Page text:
by examples that it matches the results obtained by matrices, apart from rounding errors. 8.7. Explain how the entries of the Chebyshev differentiation matrix DN could be computed by suitable calls to chebfft rather than by explicit formulas as in Theorem 7 (p. 53). What is the asymptotic operation count for this method as AT-»oo? 8.8. Write a code chebdct that computes the same result as chebfft, but makes use of the function DCT from MATLAB's Signal Processing Toolbox. (The code will be restricted to real data.) What gain of efficiency do you observe? 8.9. Suppose p(x) = E = 0 a n T n (x) — E2 n =oCnX n , and consider the vectors a = (GO, ... ,(IN)T and c = (CQ, ... ,CJV) T . Let A be the (N + 1) x (N + 1) matrix such that c = Aa. Write down A in the case N = 3. Now write a short and elegant MATLAB function cheb2mon such that the command A = cheb2mon(N) constructs this matrix A. Use cheb2mon to determine what polynomial E5n=o cn xn corresponds to T0(z)-2Ti(a;)+3T2(2;)+2T3(a;)+T4(a:)-T5(a:) and what polynomial E5n=o a nT n (x) corresponds to 1 - 2x + 3x2+ 2x3 + x4 - x5 .

9. Eigenvalues and Pseudospectra

Spectral methods are powerful tools for the computation of eigenvalues of differential and integral operators and their generalizations for strongly nonsymmetric problems, pseudospectra. Indeed, it was Orszag's 1971 computation of the critical Reynolds number R — 5772.22 for eigenvalue instability of plane Poiseuille fluid flow, a problem we shall discuss in Chapter 14, that did as much as anything to establish spectral methods as an important tool in scientific computing [Ors71]. Perhaps the reason why spectral methods are so important for eigenvalue computations is that these are applications where high accuracy tends to be crucial. So far in this book we have seen two examples of eigenvalue calculations. Program 8 (p. 38) solved the harmonic oscillator problem

by a Fourier spectral method, taking advantage of the exponential decay of the eigenfunctions to replace the real line E by the periodic interval [—L, L]. Program 15 (p. 66) solved the even simpler problem

by a Chebyshev spectral method that imposed the homogeneous Dirichlet conditions explicitly. In this chapter, we will develop such methods further with the aid of four additional examples. In each case we apply spectral ideas via matrices rather than the FFT, since it is so convenient to take advantage of the standard powerful algorithms for matrix eigenvalue and generalized eigenvalue problems embodied in the MATLAB commands eig and eigs. 87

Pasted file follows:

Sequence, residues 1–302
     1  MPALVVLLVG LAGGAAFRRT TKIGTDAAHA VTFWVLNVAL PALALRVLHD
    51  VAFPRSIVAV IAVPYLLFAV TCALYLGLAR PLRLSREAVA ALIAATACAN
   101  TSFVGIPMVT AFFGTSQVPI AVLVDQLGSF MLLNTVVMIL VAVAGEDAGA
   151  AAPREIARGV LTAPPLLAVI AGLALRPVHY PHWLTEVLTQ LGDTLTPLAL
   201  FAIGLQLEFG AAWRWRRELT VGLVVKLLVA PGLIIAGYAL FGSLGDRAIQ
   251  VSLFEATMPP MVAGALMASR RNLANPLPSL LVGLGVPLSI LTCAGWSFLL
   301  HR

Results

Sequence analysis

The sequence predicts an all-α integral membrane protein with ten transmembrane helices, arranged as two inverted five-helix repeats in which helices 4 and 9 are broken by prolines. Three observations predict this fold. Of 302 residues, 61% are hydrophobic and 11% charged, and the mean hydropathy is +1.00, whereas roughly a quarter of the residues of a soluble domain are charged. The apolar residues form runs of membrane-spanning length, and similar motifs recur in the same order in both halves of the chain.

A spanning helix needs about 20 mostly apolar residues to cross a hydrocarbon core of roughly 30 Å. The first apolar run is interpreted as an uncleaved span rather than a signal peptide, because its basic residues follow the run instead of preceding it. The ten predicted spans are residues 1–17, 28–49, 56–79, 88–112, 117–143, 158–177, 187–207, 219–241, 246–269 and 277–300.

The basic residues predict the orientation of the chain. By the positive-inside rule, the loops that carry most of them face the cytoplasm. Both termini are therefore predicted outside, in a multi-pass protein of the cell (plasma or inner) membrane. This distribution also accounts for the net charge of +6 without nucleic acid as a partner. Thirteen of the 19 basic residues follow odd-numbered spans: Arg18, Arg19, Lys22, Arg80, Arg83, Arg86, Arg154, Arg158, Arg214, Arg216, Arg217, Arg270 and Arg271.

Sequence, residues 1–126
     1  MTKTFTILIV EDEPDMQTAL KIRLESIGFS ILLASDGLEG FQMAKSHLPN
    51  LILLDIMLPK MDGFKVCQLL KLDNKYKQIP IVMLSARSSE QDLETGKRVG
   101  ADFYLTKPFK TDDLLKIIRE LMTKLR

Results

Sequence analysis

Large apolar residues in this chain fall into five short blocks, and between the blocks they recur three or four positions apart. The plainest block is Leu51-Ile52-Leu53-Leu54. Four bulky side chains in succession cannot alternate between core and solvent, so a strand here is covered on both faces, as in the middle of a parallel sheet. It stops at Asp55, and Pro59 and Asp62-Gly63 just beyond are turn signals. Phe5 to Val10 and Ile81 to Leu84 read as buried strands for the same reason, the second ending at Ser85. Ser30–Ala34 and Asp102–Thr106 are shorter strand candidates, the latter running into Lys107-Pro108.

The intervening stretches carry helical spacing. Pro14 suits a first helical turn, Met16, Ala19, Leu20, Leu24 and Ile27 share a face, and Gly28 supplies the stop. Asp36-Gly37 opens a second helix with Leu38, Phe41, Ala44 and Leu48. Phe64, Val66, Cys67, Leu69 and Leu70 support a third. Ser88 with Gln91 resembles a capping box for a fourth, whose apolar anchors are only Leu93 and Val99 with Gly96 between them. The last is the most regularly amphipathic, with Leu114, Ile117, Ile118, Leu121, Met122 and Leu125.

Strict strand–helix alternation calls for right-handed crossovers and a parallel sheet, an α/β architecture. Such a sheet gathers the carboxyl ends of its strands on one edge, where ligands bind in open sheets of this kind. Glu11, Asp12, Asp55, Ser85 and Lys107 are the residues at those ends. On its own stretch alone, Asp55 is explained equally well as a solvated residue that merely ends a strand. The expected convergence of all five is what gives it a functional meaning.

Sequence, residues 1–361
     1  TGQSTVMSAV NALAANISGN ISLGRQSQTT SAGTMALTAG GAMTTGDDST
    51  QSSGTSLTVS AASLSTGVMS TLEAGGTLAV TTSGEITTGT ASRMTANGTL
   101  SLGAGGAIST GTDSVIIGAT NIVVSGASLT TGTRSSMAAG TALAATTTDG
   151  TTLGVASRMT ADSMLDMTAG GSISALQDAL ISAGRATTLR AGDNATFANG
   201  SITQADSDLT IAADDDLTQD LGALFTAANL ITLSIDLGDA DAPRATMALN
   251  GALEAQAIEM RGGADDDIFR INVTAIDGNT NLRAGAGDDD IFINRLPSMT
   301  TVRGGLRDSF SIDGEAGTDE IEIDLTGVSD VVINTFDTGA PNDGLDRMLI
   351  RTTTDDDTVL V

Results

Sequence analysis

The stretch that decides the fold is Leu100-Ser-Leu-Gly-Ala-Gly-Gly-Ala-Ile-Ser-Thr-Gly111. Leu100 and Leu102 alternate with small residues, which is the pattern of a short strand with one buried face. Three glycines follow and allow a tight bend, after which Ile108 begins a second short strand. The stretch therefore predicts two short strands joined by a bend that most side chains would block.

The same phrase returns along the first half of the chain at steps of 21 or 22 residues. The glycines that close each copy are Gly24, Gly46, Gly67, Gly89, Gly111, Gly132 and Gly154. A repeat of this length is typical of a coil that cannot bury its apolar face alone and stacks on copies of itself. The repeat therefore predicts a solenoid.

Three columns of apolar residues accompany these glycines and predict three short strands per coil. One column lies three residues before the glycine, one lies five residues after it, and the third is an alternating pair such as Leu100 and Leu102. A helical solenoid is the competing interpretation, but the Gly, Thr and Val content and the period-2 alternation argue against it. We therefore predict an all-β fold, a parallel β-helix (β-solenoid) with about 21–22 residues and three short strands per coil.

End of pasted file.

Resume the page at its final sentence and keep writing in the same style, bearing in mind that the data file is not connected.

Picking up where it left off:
88

Spectral Methods in MATLAB

Our four examples and the special features they illustrate can be summarized as follows: Program Program Program Program

21: 22: 23: 24:

Mathieu equation, Airy equation, membrane oscillations, complex harmonic oscillator,

periodic domain; generalized eigenvalue problem; two-dimensional domain; pseudospectra.

We begin with the Mathieu equation, an ODE that arises in problems of forced oscillations. (This example has been taken from Weideman and Reddy [WeRe00].) The equation can be written

where q is a real parameter, and we look for periodic solutions on [—TT, TT]. For q = 0, we have the linear pendulum equation of Program 15, with eigenvalues n 2 /4 for n = 1,2,3,.... The scientific interest arises in the behavior of these eigenvalues as q is increased. To compute eigenvalues of the Mathieu equation by a spectral method, Program 21 discretizes (9.1) in a routine fashion. Translating the equation from the domain [—TT, TT] to [0,2?r] leaves the eigenvalues unaltered, so our discretization takes the form

where DN is the second-order Fourier differentiation matrix. The computation is straightforward, and with TV = 42, we get about 13 digits of accuracy. Output 21 presents the plot generated by this program, showing the curves traced by the first 11 eigenvalues as q increases from 0 to 15. Producing this image took about half a second on my workstation. As shown in the figure, it is almost identical to Figure 20.1 on p. 724 of the classic Handbook of Mathematical Functions published by Abramowitz and Stegun in the 1960s [AbSt65]. (A few imperfections in the Handbook plot can be discerned, for example in the slope of the a^ curve at q = 0.) We do not know how many seconds it took Gertrude Blanch, the author of the chapter on Mathieu functions in the Handbook, to produce that figure. For our second example we turn to another classical problem of applied mathematics, the Airy equation [AbSt65, BeOr78]. Traditionally, the Airy equation is posed on the real line,